ROOF VENTS INCREASE ATTIC AIR EXHAUST CAPACITY
In summer, the primary purpose of ventilation is to expel hot air from the attic or roof to reduce the strain on air-conditioning systems. In a winter, the primary purpose of ventilation is to maintain a cold roof temperature to avoid ice dams created by melting snow and to vent any moisture that moves from the conditioned living space to the attic.
- According to federal guidelines, homes require 1 square foot of net free area (the total unobstructed area through which air can enter or exhaust a non-powered vent) for every 150 square feet of attic floor space. If balanced between intake and exhaust vents, the requirement is 1 square foot of net free area for every 300 square feet of attic floor space.
- Multiple roof vents are usually needed to provide the required net free area
- Must be spaced equally over roof to provide sufficient airflow along the entire roof sheathing
THE PROBLEM WITH RIDGE VENTS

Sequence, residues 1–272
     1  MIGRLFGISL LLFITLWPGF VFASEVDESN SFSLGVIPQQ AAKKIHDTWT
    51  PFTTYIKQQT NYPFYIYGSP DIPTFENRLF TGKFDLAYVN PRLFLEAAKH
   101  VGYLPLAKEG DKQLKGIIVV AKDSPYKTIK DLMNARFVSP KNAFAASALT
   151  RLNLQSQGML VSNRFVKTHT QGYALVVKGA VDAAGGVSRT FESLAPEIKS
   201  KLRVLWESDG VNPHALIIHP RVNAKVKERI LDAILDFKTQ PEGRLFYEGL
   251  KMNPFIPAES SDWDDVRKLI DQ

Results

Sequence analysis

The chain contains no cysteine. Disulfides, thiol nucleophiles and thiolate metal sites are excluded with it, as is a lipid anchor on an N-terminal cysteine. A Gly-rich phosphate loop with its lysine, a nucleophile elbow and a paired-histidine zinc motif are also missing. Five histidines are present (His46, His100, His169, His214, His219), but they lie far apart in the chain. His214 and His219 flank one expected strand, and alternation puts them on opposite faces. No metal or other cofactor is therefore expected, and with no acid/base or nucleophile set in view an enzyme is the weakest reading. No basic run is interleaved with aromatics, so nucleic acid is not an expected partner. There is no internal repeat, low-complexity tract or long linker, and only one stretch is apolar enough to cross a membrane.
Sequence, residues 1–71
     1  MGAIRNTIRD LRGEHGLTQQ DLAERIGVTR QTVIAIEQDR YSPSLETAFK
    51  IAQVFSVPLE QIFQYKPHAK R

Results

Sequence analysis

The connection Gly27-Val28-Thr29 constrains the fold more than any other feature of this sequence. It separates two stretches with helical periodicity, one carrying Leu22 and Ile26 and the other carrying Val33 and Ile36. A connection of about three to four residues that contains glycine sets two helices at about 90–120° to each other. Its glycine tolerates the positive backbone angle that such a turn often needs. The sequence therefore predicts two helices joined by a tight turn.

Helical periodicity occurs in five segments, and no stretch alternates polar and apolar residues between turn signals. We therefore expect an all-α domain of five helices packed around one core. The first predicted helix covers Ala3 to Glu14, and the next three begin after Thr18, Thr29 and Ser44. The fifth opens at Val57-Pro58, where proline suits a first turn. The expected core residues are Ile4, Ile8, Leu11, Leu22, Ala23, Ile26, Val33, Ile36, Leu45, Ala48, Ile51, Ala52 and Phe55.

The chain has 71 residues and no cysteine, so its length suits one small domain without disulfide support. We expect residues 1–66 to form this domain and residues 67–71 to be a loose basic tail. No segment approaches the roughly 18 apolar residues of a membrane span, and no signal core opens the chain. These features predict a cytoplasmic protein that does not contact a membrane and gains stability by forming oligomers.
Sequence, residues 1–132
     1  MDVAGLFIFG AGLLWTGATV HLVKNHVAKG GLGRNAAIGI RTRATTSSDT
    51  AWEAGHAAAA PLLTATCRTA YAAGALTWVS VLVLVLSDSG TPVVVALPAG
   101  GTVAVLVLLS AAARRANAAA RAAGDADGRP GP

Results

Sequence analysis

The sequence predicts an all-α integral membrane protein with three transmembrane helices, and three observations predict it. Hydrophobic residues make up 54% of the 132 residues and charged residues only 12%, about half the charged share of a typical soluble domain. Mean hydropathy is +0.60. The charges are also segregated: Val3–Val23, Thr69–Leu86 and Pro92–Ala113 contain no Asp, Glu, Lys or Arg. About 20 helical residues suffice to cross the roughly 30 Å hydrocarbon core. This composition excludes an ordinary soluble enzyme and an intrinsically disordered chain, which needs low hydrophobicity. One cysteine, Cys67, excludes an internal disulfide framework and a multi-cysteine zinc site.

Many newer homes are built with ridge vents, an generally they do a good job. Here in the Midwest however, we see problems. In the winter, attic moisture can rise to the ridge and settle on ridge screening. As temperatures drop, the moisture freezes blocking attic air exhaust, thus trapping heat and moisture in the attic. The heated air melts snow on the roof deck, the melted snow runs down the roof deck to cold gutter where it freezes. Eventually the gutter fill, the ice pushes up under and around nearby shingles resulting in ice dams. Unaddressed, ice dams can cause damage to your roof structure, shingles and be costly to repair.
Here is a recent picture of a blocked ridge vent due to moisture frozen at the peak.
A roof vent, placed properly can work in conjunction with a ridge vent to ensure warm air escapes, minimizing ice dam development.